“The goal of this study was to learn the extent to which programs incorporate the components of restorative justice and provide an inventory of organizations implementing programs using restorative justice practices in Illinois” (p. 4). Sections of this report include: key findings; introduction; literature review; methodology; findings regarding organizations using restorative justice, restorative justice in action at Ogle County Probation, restorative justice in action at Champaign County Regional Planning Commission, and measuring use of restorative justice; and conclusion. Appendixes include: an inventory of Illinois restorative justice programs; and reliability and validity of restorative justice programs.
The objective of this study was to systematically review and statistically synthesize all available research that, at a minimum, compared participants in a restorative justice program to participants processed in a more traditional way using meta-analytic methods. Ideally, these studies would include research designs with random assignment to condition groups, as this provides the most credible evidence of program effectiveness … Overall, the results evaluating restorative justice programs and practices showed a moderate reduction in future delinquent behavior relative to more traditional juvenile court processing … Promising findings in terms of delinquency outcomes for the youth were seen for victim-offender conferencing, family group conferencing, arbitration/mediation programs, and circle sentencing programs. However, in all cases the evidence is equivocal with lower effects for random assignment studies and high variability in findings across studies. The effects for restitution, teen courts, impact panels, and reparative boards are less encouraging, suggesting that these may not be effective programs. In contrast, cautioning and diversion programs had the largest reductions in delinquency, suggesting that this approach may be effective for low-risk and first-time youthful offenders (2-3).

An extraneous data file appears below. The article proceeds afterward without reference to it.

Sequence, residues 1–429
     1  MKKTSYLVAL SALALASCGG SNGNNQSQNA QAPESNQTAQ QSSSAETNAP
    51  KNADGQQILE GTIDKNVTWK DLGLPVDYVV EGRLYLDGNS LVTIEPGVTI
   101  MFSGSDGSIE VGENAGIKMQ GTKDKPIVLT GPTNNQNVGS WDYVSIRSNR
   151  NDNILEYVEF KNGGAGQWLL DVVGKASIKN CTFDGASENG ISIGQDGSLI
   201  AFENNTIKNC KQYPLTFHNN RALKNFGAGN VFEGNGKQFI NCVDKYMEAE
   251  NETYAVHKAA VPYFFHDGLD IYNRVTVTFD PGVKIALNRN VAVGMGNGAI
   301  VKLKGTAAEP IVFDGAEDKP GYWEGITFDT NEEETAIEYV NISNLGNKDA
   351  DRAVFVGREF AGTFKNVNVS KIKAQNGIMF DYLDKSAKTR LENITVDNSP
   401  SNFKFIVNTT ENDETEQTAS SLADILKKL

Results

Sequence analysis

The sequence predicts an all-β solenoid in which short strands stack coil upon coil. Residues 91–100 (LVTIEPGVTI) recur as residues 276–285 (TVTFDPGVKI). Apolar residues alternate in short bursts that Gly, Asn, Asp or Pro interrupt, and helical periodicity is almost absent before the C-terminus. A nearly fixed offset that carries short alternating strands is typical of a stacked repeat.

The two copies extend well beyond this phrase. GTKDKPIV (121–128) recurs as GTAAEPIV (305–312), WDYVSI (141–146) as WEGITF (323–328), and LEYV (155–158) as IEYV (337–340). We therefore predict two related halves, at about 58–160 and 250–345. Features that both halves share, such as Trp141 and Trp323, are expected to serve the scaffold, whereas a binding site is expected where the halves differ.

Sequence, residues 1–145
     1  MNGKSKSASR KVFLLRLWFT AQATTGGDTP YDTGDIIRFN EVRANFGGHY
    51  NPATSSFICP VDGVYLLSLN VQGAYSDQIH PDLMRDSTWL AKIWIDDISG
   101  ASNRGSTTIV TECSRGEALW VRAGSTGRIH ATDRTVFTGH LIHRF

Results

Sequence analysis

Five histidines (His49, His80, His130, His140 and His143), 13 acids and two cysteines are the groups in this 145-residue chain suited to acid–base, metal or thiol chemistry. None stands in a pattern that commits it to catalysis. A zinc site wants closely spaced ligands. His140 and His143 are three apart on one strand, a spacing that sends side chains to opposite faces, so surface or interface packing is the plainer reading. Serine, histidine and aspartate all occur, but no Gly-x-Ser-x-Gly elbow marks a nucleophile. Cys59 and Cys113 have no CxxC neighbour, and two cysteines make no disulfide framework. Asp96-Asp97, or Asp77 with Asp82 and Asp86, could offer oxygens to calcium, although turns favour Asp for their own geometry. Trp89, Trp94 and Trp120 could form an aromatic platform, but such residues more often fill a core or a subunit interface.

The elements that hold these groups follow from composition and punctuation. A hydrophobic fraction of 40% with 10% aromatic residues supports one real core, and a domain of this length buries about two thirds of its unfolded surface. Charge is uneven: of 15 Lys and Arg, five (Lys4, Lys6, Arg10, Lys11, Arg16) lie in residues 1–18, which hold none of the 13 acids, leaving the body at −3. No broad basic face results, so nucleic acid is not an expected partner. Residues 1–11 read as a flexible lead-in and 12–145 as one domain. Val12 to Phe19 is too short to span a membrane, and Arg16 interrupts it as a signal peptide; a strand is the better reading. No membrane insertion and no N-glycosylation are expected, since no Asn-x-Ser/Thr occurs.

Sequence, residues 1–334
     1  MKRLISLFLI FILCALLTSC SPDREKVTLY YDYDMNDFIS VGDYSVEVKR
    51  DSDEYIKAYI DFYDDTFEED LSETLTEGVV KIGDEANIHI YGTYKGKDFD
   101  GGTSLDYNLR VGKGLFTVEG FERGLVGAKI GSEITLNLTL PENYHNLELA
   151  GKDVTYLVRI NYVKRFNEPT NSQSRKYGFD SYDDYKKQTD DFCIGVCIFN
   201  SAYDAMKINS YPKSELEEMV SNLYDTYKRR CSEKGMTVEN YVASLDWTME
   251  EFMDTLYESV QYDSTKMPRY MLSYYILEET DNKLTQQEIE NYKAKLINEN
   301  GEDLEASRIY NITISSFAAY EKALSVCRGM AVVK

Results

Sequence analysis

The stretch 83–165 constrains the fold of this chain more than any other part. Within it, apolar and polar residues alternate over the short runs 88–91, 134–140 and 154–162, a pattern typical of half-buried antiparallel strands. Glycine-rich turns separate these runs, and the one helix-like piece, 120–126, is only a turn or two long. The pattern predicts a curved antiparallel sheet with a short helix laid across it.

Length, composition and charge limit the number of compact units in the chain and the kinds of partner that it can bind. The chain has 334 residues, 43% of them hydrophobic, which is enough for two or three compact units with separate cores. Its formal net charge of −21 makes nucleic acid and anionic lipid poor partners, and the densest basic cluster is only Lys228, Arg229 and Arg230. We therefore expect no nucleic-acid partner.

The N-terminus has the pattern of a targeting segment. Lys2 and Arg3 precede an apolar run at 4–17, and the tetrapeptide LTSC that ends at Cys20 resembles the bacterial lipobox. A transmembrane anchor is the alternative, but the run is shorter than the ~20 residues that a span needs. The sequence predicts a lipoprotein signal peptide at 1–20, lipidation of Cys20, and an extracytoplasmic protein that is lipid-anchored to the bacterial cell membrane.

"Restorative justice [RJ] is a theory of justice that emphasizes repairing the harm caused by criminal behaviour. It is best accomplished through cooperative processes that include all stakeholders. This can lead to transformation of people, relationships and communities" (Center for Justice & Reconciliation). This webinar will provide: a brief overview of RJ principles and practices—traditional justice and RJ philosophies, RJ practices at a glance; findings from relevant research-- New Zealand Model, Durham NC Dispute Settlement Center, conferencing, law enforcement and prosecution, courts, and recidivism and RJ, and summary of RJ research findings,; reasons for adopting restorative justice—needs/wants of victims, what's in it for crime victims and services providers, law enforcement, prosecution, defense, judiciary, corrections, elected officials, and for all involved, top assets, and top obstacles.
This website provides access to information about restorative justice approaches for the Correctional Service of Canada. Points of entry are: services; victim offender mediation; Restorative Justice Week; National Ron Wiebe Restorative Justice Award; resources; and contact information.
An introduction to restorative justice concepts, principles, and values is provided during this 32-hour distance learning program. Participants will be able to:
- Recognize the traumatic impact of crime on victims, communities, and offenders and ways to be responsive to crime victims' needs and interests
- Explain and evaluate the configuration, methods, and potential uses of various restorative practices
- Identify several practical strategies for developing active partnerships within the community
- Manage personal, interpersonal, and organizational change, and prepare strategies to address responses to change efforts
- Develop the first stages of an action plan
Order this 2 DVD set of videos and download the Curriculum Guide using the links on the right.
"This outcome evaluation is specifically focused on Community Justice Center (hereafter, “CJC”) Reparative Panel programs. CJC Reparative Panel programs work with community members to meet with those affected by crime and those who committed the offense to develop agreements about how to repair the harm caused by the offense, including to affected relationships. This outcome evaluation of CJC Reparative Panel programs was designed to answer four questions associated with the post-program behavior of offenders who completed a CJC Reparative Panel program from May 2, 2007 to April 19, 2011" (p. 1). Findings are presented for the following four research areas: who are the individuals convicted of additional crimes after participating in a CJC Reparative Panel program; when were they convicted; what crimes did they commit; and what county did they commit the crimes in. The CJC Reparative Panel program appears to reduce the recidivism of both pre- and post-adjudication participants: the recidivism rate for pre-adjudication participants is 18.1% compared to 30.1% for non-participants; 27.1% vs. 41.4% for post-adjudication participants.